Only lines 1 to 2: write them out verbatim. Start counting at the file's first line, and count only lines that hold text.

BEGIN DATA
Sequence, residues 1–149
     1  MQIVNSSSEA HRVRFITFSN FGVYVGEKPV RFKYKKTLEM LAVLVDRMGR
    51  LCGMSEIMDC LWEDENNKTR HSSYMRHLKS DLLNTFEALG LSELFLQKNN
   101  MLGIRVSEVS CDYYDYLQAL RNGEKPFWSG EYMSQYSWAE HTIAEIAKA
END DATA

Sequence, residues 1–149
     1  MQIVNSSSEA HRVRFITFSN FGVYVGEKPV RFKYKKTLEM LAVLVDRMGR